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Kidney Int. 2000 Feb;57(2):499-509.

Expression of macrophage migration inhibitory factor in human glomerulonephritis.

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Department of Nephrology, Monash Medical Center, Clayton, Victoria, Australia.



We have recently demonstrated that macrophage migration inhibitory factor (MIF) plays a pathogenic role in experimental glomerulonephritis (GN). The aim of the current study was to investigate MIF expression in human GN.


MIF expression was examined by in situ hybridization and immunohistochemistry staining in 65 biopsies from a variety of glomerulonephridities.


There is constitutive expression of MIF mRNA and protein in normal human kidney that is largely restricted to tubular epithelial cells and to some glomerular epithelial cells. There was little change in the pattern of MIF expression in nonproliferative forms of GN such as minimal change disease and membranous GN. However, there was a marked increase in both glomerular and tubular MIF expression in proliferative forms of GN, including focal segmental glomerulosclerosis (FGS), lupus nephritis, crescentic GN, and mesangiocapillary proliferative GN. The prominent macrophage and T-cell infiltrate in these diseases were largely restricted to areas with marked up-regulation of MIF expression, contributing to glomerular hypercellularity, glomerular focal segmental lesions, crescent formation, tubulitis, and granulomatous lesions. De novo MIF expression was evident in glomerular endothelial cells and mesangial cells in proliferative forms of GN. In addition, many infiltrating macrophages and T cells showed MIF mRNA and protein expression. Quantitative analysis found that increased glomerular and tubular MIF expression gave a highly significant correlation with macrophage and T-cell accumulation, the severity of histologic lesions, and the loss of creatinine clearance.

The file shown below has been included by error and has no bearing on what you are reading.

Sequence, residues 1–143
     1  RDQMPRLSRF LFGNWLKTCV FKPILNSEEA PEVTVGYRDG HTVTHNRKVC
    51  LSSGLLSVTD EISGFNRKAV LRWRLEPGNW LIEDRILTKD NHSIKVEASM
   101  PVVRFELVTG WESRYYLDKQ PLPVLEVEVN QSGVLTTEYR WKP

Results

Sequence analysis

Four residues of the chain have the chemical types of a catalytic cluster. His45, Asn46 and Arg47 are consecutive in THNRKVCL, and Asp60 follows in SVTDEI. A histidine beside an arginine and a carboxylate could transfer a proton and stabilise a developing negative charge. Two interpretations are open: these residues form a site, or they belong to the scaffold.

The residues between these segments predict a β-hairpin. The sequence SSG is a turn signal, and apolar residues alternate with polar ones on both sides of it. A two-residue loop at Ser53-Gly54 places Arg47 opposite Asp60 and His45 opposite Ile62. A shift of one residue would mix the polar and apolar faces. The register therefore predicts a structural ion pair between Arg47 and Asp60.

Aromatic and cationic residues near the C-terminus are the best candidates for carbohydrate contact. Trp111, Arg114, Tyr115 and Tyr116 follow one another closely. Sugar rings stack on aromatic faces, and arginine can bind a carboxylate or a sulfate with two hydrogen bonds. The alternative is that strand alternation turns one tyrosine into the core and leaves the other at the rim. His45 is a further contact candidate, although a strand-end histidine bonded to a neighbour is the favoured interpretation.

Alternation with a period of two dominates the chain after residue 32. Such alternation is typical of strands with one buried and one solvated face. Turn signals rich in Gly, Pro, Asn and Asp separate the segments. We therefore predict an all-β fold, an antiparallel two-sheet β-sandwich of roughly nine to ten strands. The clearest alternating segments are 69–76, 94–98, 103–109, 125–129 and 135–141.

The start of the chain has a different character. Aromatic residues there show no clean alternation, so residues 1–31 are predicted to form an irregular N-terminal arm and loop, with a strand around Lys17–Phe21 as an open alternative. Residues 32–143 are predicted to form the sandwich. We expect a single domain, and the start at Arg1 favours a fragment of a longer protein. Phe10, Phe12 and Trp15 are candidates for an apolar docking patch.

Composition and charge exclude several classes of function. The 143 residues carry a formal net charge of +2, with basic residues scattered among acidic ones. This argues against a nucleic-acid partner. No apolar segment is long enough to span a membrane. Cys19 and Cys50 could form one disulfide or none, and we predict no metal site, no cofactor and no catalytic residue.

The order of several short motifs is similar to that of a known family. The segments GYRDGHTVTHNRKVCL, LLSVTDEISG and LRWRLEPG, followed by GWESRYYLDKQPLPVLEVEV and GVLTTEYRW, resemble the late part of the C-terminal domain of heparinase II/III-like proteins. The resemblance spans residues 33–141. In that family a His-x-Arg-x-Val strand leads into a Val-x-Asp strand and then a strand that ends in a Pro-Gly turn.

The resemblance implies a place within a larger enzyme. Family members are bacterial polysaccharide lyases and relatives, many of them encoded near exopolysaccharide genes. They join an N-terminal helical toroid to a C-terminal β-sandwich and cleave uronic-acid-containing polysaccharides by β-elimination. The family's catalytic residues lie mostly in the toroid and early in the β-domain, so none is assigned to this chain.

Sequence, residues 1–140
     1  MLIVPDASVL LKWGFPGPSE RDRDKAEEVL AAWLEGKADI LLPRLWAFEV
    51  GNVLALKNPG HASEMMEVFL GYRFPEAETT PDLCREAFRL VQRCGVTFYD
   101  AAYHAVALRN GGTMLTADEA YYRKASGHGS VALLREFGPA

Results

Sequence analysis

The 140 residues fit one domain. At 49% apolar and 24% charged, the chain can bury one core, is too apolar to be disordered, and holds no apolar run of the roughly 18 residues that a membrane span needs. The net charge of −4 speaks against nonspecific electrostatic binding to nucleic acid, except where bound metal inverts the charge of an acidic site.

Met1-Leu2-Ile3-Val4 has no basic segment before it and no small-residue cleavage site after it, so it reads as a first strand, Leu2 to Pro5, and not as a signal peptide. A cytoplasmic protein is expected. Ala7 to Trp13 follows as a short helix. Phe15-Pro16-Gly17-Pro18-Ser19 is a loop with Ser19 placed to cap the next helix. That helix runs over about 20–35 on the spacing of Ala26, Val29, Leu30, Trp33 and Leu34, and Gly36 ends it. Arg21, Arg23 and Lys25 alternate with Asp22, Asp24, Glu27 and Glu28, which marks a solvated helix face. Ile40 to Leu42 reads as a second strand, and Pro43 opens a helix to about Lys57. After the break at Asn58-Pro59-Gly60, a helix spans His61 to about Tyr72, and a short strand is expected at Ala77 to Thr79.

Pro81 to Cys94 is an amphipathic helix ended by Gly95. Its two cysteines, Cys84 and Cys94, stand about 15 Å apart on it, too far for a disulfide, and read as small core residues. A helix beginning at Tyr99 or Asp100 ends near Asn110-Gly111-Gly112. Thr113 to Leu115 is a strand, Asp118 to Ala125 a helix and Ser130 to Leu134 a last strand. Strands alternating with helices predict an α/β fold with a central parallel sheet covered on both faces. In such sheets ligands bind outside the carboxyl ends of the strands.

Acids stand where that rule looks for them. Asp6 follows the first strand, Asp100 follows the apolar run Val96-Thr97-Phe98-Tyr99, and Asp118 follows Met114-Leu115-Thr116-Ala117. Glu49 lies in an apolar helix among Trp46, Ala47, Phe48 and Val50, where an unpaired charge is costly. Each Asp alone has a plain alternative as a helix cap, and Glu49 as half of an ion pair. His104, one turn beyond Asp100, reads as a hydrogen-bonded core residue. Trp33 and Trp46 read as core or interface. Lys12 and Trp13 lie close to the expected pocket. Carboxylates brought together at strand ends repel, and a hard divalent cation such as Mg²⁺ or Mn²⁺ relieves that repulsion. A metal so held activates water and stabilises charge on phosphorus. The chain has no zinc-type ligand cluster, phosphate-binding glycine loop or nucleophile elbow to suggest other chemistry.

Renal MIF expression is markedly up-regulated in proliferative forms of human GN, and this correlates with leukocyte infiltration, histologic damage, and renal function impairment. These results suggest that MIF may be an important mediator of renal injury in progressive forms of human GN. Based on these findings, together with the known pathogenic role of MIF in experimental GN, we propose that MIF is an attractive therapeutic target in the treatment of progressive forms of GN.

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